By Br Ryan Harkin
God so loved the world, he gave us his only Son; But why did he abandon him?
A few months ago visiting a random museum in Manhattan with a friend I ran into a man who asked me: “Father, I have a question that I’ve asked every priest I ever met and no one has ever been able to give me a decent answer, may I ask you?”
O Lord, I thought, this is going to be a tough one. “Well sir,” I said, “at the current moment I’m only a seminarian studying for the priesthood so I probably won’t be of too much help, but if you want…”
“Great, here it is!” he said. “When Jesus was there up on at that cross and he said those words: ‘My God, My God, why have you abandoned me?’ did he really mean it? Did his Father really leave him to such an extent that he had to scream out to him with that question?”
“That is a good question,” I said.
Luckily for me I had just recently finished an eight-day long retreat and the preacher mentioned this exact, so I told him just that, and went on to explain.
You see, God’s love for us is so deep, it’s literally unthinkable for us to realize it whole and entire in this life. Only in heaven will we be able to fully grasp an adequate understanding. The greatest way God was able to illustrate this unfathomable love was for him to manifest it by taking on our weak human nature, which is exactly what Jesus Christ did. But he didn’t stop there.
Christ saw that, because of our human nature, we didn’t know how to suffer correctly, i.e., how to bring the redemptive value out of it and give our sacrifice the value that it truly has. So, in his great love for us, he decided to show us. How?
From the very beginning of his earthly existence, from the austere crib of a humble manger in Bethlehem, to the constant fight of making ends-meat in Nazareth, and, finally, to the point of allowing suffering every form of humiliation during his passion and then dying on the cross, he taught us through his example. He became a man in order to teach us how to live as men.
In the words of our beloved John Paul II “The Great”:
“Christ the Redeemer fully reveals man to himself.” (Redemptor Hominis; Cf. Gaudium et Spes)
Jesus was a man who knew well how to suffer and to do so with spiritual joy, a joy that never lost sight of the goal he had: the salvation of our souls, which is nothing other than being with him forever in heaven. That was the goal he was willing to suffer for during his earthly life even to the point of saying those drastic words on the cross.
Did it happen? Did the Father really turn his back on the son? And if so why?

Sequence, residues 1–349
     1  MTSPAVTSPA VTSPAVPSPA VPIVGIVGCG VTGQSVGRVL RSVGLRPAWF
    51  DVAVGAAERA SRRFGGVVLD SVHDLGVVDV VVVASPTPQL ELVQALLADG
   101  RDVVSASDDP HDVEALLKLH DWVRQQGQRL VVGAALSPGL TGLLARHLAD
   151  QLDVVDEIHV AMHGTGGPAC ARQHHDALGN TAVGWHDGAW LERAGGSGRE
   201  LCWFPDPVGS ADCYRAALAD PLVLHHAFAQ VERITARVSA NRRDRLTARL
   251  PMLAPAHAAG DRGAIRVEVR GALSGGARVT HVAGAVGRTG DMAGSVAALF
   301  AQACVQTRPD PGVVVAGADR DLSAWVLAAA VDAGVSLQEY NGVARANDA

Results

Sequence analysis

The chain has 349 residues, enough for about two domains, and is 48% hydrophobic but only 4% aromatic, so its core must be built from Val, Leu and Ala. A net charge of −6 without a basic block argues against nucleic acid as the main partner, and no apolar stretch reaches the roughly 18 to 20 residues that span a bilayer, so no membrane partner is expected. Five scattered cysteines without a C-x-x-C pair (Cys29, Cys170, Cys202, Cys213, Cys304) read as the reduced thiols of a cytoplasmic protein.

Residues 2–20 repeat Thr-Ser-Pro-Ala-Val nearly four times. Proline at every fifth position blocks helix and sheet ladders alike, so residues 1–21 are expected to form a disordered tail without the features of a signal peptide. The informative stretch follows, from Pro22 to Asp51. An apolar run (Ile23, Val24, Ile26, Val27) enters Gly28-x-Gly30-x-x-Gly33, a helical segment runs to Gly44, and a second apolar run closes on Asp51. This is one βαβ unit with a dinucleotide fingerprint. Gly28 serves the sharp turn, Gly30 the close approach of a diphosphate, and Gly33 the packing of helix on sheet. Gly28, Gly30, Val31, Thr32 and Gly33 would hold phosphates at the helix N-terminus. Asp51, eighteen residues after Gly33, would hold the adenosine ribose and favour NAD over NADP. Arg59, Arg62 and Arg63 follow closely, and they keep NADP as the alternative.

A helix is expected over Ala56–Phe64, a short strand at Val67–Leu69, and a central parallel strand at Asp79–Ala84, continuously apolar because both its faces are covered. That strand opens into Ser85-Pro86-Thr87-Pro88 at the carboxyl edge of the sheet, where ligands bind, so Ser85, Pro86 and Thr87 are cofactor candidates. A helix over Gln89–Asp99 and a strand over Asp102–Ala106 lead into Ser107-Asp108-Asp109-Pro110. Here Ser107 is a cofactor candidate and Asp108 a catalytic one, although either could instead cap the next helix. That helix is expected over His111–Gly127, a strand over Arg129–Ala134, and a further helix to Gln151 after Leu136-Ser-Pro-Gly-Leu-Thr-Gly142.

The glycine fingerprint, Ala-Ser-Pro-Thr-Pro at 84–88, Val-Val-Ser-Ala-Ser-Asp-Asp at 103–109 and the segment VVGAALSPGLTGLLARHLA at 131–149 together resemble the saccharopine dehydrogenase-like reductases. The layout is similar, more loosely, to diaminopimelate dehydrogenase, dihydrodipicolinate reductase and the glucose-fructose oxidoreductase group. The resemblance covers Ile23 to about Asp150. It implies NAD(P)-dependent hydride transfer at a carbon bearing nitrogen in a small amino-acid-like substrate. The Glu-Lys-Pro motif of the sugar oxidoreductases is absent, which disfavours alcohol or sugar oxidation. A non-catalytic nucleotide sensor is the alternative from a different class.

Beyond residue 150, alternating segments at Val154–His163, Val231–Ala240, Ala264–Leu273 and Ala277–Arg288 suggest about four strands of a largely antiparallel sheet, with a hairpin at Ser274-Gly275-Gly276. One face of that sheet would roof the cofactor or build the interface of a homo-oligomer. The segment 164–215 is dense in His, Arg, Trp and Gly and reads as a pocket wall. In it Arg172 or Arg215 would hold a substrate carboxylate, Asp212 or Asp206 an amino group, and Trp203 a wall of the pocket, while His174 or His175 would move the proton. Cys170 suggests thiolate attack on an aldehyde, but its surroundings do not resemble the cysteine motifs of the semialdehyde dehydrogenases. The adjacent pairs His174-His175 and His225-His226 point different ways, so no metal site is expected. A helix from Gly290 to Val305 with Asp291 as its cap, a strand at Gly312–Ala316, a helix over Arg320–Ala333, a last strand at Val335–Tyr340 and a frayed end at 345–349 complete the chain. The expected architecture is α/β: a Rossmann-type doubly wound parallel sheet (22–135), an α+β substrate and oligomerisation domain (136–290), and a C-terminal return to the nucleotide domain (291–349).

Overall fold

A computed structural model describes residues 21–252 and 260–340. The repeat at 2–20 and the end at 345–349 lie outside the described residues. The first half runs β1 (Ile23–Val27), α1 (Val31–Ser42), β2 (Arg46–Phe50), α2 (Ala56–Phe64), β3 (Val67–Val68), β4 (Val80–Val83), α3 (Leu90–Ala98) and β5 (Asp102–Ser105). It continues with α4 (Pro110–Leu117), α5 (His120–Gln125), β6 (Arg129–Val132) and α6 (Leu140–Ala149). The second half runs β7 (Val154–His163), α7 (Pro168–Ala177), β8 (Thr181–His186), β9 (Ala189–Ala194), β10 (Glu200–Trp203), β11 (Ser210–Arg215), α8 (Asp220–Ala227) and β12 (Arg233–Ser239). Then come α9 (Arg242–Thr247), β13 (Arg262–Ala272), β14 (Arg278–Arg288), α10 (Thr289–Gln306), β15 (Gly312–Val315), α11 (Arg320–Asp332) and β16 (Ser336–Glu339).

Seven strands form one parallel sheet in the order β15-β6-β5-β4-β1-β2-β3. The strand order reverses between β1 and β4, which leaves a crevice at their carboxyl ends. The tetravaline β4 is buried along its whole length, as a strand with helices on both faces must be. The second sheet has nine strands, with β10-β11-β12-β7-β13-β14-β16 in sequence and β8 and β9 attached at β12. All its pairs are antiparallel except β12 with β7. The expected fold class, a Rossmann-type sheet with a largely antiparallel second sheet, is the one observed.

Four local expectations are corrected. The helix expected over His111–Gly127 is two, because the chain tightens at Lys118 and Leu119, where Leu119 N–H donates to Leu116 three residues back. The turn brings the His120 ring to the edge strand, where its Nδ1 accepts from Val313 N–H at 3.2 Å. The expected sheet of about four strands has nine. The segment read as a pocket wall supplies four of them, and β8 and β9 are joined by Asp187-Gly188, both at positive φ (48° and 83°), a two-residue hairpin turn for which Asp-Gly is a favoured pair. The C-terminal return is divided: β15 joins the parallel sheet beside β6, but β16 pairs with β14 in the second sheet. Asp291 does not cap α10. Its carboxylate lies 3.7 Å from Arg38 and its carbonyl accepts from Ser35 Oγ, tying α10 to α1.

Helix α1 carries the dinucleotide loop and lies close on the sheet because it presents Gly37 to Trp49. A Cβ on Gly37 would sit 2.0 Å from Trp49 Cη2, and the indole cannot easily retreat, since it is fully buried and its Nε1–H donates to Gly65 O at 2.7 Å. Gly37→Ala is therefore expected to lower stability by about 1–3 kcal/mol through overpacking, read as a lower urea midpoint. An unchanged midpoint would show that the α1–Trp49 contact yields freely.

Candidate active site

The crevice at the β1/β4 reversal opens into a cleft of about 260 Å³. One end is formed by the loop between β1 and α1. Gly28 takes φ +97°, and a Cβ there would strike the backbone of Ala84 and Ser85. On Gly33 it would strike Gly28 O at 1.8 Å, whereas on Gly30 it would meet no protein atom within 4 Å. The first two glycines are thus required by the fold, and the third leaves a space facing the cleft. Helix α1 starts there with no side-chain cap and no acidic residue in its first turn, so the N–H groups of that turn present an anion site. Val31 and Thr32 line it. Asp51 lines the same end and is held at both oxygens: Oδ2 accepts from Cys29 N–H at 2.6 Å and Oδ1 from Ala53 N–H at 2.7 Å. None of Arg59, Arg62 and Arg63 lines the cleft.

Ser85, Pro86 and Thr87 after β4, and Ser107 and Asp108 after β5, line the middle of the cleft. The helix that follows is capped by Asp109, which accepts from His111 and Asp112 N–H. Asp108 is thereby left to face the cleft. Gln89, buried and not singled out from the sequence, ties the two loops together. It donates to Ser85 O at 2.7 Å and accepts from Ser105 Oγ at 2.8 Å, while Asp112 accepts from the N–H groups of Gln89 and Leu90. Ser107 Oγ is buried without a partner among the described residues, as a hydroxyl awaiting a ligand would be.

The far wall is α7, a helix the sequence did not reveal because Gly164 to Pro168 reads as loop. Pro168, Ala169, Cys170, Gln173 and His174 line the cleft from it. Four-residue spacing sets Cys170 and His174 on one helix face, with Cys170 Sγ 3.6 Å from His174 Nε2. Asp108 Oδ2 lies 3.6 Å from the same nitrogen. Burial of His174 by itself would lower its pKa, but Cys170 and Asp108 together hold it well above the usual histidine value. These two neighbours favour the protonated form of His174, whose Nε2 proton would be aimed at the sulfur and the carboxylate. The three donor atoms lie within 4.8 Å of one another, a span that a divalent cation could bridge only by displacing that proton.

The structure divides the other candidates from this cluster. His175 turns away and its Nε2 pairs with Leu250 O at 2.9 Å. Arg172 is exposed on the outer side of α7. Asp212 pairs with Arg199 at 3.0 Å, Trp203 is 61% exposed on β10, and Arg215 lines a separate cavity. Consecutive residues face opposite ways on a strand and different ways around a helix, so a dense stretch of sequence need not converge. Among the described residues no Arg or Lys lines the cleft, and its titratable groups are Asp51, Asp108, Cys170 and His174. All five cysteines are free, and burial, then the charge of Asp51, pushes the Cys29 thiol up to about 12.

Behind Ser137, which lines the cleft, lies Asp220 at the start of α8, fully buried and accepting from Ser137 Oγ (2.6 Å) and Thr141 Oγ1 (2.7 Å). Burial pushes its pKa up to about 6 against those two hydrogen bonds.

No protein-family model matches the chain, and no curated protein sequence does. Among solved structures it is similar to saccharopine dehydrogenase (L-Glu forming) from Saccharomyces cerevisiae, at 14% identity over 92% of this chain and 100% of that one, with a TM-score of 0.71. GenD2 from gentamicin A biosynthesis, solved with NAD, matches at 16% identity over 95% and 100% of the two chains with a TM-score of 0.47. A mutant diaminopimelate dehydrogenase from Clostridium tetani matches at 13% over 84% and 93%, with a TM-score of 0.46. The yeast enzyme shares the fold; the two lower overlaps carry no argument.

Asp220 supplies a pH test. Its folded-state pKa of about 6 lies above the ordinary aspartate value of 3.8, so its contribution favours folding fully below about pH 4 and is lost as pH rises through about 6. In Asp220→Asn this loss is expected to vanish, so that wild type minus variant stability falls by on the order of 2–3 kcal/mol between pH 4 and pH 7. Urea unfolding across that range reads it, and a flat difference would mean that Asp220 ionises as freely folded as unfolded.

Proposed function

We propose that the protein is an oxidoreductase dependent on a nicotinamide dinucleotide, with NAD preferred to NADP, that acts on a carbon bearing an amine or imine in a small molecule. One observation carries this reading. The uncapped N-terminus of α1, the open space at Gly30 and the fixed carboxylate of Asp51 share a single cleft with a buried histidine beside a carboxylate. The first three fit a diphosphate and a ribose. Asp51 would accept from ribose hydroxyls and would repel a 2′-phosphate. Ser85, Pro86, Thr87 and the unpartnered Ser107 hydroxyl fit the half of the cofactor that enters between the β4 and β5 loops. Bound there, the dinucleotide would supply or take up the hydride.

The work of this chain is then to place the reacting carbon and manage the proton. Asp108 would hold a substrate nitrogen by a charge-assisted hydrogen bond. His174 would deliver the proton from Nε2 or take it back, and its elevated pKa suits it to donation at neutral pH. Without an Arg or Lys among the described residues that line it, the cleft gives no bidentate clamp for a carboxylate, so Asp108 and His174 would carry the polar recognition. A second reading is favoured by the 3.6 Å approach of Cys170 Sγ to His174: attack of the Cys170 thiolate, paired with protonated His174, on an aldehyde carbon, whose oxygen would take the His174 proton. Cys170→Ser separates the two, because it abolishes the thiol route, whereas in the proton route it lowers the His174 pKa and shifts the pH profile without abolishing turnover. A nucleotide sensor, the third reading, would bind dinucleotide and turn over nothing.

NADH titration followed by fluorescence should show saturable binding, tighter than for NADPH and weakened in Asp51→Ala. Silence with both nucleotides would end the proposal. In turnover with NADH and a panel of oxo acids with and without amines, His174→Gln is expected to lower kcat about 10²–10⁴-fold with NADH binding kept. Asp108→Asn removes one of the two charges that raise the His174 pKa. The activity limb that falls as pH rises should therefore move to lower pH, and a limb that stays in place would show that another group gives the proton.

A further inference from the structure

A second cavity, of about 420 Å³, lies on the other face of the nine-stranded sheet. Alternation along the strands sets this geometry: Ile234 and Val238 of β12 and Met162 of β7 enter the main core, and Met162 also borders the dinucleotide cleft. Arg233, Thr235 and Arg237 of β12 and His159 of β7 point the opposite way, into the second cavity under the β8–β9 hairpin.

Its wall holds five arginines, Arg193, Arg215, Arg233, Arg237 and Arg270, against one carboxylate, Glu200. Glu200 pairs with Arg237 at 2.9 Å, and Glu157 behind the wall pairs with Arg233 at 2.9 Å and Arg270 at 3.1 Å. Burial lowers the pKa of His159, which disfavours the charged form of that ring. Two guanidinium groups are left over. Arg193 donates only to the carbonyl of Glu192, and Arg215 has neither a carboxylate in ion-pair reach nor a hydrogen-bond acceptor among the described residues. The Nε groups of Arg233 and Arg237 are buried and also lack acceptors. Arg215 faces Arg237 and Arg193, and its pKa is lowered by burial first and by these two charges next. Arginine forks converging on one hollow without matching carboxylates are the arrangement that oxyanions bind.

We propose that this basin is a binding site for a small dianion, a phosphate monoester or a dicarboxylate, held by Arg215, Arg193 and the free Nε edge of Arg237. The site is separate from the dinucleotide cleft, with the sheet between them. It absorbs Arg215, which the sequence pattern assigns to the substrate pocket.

The answer is simple and it basically follows from knowing that there is nothing we could possibly suffer that Christ didn’t already suffer, in some way, during his earthly life. He came as a Redeemer of mankind, and suffering, as a consequence of sin, was of the first to be redeemed. What was it that he was experiencing there on the cross when he said those words, “Why have you abandoned me?” if not a consolation to all those who, afterword, would his follow example of suffering?
You’ve heard of saints, like St. John of the Cross and, more recently, blessed Mother Teresa. These saints suffered the ‘dark night of the soul’, in the absence of light and consolation in prayer, without inner voice of God to let them know that he was proud of them and loved them, that they were headed on the right track in serving him.
That was the suffering they endured. God gave them the special grace to suffer as a loving response of fidelity and self-giving in their aspiration to holiness.
With this in mind, we can better understand why Christ cried out those words to his Father on the cross: “My God! My God! Why have you abandoned me?”
It can be seen as a sort of consolation to us all in our suffering, as though he were actually saying saying: “I have suffered, I know what you are going through, and I am here with you; please trust in me,” because for our sake, he was willing to suffer even to the highest degree of feeling totally abandoned by his Father.
That is how I explained Christ’s words on the cross to my friend. However the idea here is that Christ wants to be intimate with us. He wants us to know that he is close and he proves his closeness to us in our darkest hour, by going before us, leading with his example, and suffering the darkest form of earthly suffering, for our sake.